From this month’s main post:
Every writer is at a different stage of the journey and no two paths are identical. We do have a few things in common though – we all fight insecurity and we all need support. We’re looking for guidance, encouragement, and answers to our questions. We can find all of that here online, through the IWSG postings, the Facebook group, and the resources on this website. […]What do you need help with today?
Ham radios. Specifically, how to use a ham or shortwave or even a Citizen’s Band (CB) radio to contact someone else in another city. In my current WIP, I have a character using a radio to contact someone else and I’m not sure how to go about it. I know it probably doesn’t work like a telephone and I have done a bit of Googling so that I can at least write the scene I have in mind and move on to other things (with the caveat that I’ll clean the scene itself up during editing), but I still have a little voice nagging at the back of my head that I’m writing about something that I know nothing about and I shouldn’t be doing that and I need to go research and figure this out exactly so that the scene will be right, dangit!
Of course, if I listen to that little voice I would have to go out and get a shortwave radio operator’s license before I could come back and write a scene that is one small part of one chapter of a potentially twenty chapter book. The characters involved are minor characters and while the scene is important, it’s not because of the radio message. It’s because of something that gets said while the characters are talking before/during/after the sending of the message. So, yeah, while a shortwave radio operator’s license would be pretty freakin’ awesome to have, it’s a bit overkill-y for me to go get one. Particularly when I have access to Google, not to mention my local library and their interlibrary loan program (which is seriously so on beyond awesome, I am not kidding! I basically have access to libraries across my state!).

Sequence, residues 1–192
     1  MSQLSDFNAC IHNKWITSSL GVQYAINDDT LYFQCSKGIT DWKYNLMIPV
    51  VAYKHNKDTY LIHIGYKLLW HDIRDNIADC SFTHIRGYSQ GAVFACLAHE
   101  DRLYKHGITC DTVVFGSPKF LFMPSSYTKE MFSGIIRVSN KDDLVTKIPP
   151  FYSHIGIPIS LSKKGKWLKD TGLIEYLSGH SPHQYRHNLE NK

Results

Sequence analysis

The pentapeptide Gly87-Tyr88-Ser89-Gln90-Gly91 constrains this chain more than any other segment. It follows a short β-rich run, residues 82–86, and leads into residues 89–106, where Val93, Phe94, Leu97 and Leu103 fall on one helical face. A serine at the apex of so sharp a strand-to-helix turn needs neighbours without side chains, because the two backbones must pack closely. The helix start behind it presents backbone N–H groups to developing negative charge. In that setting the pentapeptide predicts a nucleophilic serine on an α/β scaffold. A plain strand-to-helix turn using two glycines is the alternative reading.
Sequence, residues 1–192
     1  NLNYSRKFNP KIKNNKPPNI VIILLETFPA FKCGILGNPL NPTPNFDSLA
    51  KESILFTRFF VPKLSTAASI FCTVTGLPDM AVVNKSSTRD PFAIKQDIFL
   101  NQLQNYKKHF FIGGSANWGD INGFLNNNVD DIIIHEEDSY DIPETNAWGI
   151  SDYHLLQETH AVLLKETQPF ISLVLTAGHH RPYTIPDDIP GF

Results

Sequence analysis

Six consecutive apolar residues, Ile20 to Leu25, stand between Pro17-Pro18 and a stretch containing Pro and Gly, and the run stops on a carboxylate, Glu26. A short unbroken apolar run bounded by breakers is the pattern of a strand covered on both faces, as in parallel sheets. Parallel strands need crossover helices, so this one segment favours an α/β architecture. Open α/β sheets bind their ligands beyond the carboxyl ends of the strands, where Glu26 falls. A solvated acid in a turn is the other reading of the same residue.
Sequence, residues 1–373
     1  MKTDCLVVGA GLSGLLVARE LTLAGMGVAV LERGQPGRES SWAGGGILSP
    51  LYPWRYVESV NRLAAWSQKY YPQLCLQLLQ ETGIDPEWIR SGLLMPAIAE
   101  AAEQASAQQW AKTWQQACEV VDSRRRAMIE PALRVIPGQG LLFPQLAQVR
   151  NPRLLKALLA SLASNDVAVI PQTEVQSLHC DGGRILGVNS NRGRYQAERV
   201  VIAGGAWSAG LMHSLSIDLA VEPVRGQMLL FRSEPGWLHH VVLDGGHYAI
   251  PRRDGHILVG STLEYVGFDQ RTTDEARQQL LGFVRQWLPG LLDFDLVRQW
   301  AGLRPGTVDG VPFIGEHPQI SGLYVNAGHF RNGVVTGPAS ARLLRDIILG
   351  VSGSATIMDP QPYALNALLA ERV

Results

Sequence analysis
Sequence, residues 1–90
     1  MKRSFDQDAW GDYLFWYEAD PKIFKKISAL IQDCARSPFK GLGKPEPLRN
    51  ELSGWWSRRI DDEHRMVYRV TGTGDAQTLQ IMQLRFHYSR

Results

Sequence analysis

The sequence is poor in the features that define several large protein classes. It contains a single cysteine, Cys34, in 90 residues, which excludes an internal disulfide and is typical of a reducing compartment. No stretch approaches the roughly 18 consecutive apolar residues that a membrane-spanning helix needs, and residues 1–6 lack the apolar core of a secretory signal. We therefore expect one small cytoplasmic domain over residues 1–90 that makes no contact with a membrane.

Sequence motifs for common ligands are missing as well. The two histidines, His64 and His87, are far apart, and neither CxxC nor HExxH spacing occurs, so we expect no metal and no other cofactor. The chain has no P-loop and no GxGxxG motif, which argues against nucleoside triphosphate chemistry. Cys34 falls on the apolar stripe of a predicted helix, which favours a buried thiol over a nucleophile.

And this doesn’t take into consideration all the other research questions I have both big and small. For which I would, per the nagging little voice, have to go back to school and get multiple degrees, take dozens of courses to learn various skills and travel extensively and quite possibly be reincarnated half a dozen times in order to be really sure I got the details right.
I hate that little voice…
The upshot of all this is that research is important to me. I like having the facts straight when I’m writing because I feel that having the facts straight helps improve the fiction. Yes, I say this as someone whose WIPs include worlds featuring third shift vampire hunters, a reverse-Batman private eye, atompunk space pirates vs. Cthulhu and a post-WWIII world with human/chimpanzee hybrids running around. But, to me, bringing realism to ideas like this actually does help make them stronger because the realism provides sturdy hooks from which to stretch the string of disbelief, which is where the implausible/improbable/unlikely ideas are hung. If the hooks aren’t strong enough, the weight of the ideas will yank them off the walls of…uh…okay so the metaphor starts to break down a bit when you get to the walls but you get the idea. If the hooks don’t hold, the weight of the ideas will pull them out of the wall and your reader out of the story.